effectively. Also, the “Do Not Call” list may not apply to you with
   your customers or if you already have a relationship with your

10)      A Trade Show Booth – A great place to capture leads.
   Again, a free report or gift does wonders. When you get a long
   line waiting at your booth, many people will stop by just to see
   what the fuss is about. Make your sales materials and sales
   people benefit-driven. Remember what your prospects are
   thinking: “What’s in it for me?”

11)     Blimps, Banners, and Billboards – If it’s zoned for
   advertising and it’s blank, you have an opportunity.

12)      Door Hangers – Those same high school students can
   help you with door hangers as well.

13)       Circulars – Again, high school students can also help you
   hand out circulars, post them on community bulletin boards, on
   telephone poles, wherever. You can make a donation to your
   local church and ask them if you can leave a stack at their next
   bake sale or bingo event. And certainly you can arrange to have
   your circular included in your local newspaper or community
   paper. For your money, circulars are very inexpensive to print
   and distribute.

14)      Card Decks – These stacks of index cards are mailed to
   targeted audiences. Each deck can contain anywhere from 50 to
   200 cards or so, each with an advertisement or coupon. They
   may also double as a business reply card on back. Since your ad
   is mixed in with tons of others, it’s especially important to have
   a great headline and layout that will stand out from the clutter.

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   Card decks are inexpensive because all of the advertisers are
   sharing the cost of the mailing. They can cost as little as three
   cents a prospect for large mailings. Even for smaller mailings,
   they are generally cheap, which is good for testing.

   Make sure you choose your audience wisely. Card decks are
   great for targeting a niche. Free reports or books work especially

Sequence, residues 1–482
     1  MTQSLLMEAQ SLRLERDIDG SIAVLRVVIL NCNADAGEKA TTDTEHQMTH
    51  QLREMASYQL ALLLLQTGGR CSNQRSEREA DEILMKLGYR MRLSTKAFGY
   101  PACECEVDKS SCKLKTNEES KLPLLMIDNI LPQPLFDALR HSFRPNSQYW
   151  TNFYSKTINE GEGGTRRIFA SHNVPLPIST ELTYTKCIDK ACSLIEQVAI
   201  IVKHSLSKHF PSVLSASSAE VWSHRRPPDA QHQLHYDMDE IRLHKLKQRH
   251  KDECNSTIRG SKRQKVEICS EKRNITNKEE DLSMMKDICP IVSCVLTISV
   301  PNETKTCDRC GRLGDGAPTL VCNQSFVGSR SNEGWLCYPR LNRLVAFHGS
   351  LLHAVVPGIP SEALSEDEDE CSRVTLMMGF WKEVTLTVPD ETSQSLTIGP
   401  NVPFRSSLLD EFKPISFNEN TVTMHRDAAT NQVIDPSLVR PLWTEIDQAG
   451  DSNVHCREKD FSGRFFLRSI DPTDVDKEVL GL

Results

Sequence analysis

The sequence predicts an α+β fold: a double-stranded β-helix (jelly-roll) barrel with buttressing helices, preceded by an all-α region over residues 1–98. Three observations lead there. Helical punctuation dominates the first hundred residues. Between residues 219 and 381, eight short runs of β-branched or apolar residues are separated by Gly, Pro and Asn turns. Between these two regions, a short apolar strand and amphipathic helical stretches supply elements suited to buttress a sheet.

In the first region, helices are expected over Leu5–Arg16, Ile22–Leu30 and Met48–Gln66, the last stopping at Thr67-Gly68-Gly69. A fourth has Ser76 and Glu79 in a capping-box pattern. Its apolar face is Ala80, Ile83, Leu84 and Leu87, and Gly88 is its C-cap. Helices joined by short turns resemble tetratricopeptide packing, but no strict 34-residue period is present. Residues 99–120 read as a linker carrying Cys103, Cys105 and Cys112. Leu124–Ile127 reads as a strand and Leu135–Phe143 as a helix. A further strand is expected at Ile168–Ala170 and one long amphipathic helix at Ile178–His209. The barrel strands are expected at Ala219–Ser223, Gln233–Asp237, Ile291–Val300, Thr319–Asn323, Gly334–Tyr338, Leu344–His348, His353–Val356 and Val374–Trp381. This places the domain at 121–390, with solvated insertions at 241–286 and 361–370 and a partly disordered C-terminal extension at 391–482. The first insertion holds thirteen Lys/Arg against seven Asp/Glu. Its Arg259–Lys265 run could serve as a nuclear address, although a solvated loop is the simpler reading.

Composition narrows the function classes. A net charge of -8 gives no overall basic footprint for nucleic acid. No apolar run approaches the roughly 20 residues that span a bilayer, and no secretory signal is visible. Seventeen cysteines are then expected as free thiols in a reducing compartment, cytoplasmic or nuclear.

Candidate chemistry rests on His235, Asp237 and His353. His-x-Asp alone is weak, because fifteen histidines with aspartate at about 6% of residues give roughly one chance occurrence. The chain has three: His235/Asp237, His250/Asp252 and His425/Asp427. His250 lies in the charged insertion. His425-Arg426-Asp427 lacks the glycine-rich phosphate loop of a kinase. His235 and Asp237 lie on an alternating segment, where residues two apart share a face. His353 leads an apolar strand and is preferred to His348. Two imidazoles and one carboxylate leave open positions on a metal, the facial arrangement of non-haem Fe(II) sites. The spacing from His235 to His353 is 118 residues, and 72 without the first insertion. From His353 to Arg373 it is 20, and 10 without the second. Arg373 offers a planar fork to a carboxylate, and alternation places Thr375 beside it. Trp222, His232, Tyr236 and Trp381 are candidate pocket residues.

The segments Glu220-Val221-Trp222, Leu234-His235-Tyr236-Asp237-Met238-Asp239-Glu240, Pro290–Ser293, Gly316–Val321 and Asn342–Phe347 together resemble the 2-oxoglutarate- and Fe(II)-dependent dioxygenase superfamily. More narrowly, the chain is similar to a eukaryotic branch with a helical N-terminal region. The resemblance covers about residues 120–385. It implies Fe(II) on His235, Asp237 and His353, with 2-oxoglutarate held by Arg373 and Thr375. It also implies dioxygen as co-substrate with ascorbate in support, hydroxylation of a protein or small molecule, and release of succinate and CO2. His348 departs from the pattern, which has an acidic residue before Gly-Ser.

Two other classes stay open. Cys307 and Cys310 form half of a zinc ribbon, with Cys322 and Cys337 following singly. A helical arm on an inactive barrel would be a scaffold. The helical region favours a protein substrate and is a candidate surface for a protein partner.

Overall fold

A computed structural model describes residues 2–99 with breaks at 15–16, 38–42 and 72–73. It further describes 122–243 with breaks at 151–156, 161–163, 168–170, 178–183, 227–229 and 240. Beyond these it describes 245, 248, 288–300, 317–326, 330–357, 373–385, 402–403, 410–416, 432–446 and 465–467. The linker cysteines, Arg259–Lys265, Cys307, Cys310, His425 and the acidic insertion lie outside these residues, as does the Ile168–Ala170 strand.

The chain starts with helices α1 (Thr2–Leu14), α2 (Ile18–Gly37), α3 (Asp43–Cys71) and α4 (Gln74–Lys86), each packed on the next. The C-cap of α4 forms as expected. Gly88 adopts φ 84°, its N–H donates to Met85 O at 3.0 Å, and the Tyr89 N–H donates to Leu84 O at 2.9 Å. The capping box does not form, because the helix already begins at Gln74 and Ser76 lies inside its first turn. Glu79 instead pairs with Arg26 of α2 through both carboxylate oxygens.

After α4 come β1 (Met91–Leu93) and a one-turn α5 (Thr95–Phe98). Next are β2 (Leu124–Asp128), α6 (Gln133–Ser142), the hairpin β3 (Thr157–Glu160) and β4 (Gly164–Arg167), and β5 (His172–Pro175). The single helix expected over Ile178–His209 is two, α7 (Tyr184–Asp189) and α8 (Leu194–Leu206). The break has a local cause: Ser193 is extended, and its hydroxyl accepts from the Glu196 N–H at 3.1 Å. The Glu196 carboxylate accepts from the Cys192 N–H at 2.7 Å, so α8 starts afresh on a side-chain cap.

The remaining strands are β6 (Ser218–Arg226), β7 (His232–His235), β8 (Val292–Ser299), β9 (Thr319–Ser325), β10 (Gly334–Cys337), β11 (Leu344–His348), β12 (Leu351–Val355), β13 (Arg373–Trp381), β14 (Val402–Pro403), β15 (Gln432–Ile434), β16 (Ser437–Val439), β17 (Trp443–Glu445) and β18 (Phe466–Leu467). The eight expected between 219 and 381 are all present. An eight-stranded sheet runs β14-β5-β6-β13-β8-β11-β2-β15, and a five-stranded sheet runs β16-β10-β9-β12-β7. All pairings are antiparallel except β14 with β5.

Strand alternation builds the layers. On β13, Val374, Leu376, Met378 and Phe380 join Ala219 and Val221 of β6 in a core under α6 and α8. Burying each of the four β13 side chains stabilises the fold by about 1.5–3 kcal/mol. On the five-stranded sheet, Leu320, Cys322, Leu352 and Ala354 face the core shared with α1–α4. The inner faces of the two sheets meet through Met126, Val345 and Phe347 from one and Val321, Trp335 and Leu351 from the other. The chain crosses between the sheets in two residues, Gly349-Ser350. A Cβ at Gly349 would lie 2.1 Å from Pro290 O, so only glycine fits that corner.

well here, because the person flipping through the cards will be
   attracted to the word “FREE.” As always, make sure there is a
   clear call to action. Multiple methods of response usually work
   better than a single method. For example, they can drop the
   card in the mail, call a free recorded message, go to your
   website, etc. And you may have some options with remnant
   space, so always try to negotiate a lower price (how hard is it for
   them to stick another card in their mailing…their costs are
   incremental and their profit is high even on remnant rates).

   A couple other tips: When you see repeat advertisers in a deck,
   you have a pretty good idea that the deck is working for that ad.
   If that ad also targets your niche market, it may be a good one
   to test in. Also, test with copy that you already know works.

15)      Value-Paks – Similar to card decks, “value-paks” are little
   booklets with multiple ads. They are mostly used with coupons,
   rather than business reply cards.

16)       Ad Magazines – You’ve seen them. Magazines that are
   little more than a collection of space ads. They are usually local,
   and theads in them usually aren’t direct response. By putting
   your direct response ad there, you stand out over all the other
   ads. But the downside is that these magazines tend to be less
   niche-focused (although there are certainly exceptions, with the
   real estate and automobile-themed magazines and newspapers).

17)      Catalogues – Your catalog doesn’t have to look like L.L.
   Bean or the like to be effective. A good one to study with respect
   to the ads themselves is the J. Peterman catalogue (check out

   Here’s a good way to start small and work up from there in
   developing a good catalogue:

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     a) Try a simple double-sided flyer first and test response.
     b) Make sure you locate highly targeted lists, as the wasted
        cost of mailings is going to be your biggest expense.
     c) Continue to expand, test, and tweak. Test everything—
        your layout, your copy, your prices—until you find the best

 Part II - Creative Offline Marketing

18)      Package Inserts – If you’re going to mail out a product
   or package to a customer anyway, always tuck a sales letter for
   another product in the package. It won’t cost you any more, and
   when your customer receives that package, he or she will be
   pleased with the product (assuming your product isn’t junk) and
   be more favorable towards another purchase from you. You can
   also joint venture with other companies that target your niche
   market and get them to include your insert when shipping their

19)       Mini-seminars – A great way to bundle up all of your
   products and services and sell them from the platform. It’s very
   inexpensive to rent a hall and put on a 2 hour presentation for
   your target market on something that interests them. You
   position yourself as the expert, and you get to pitch your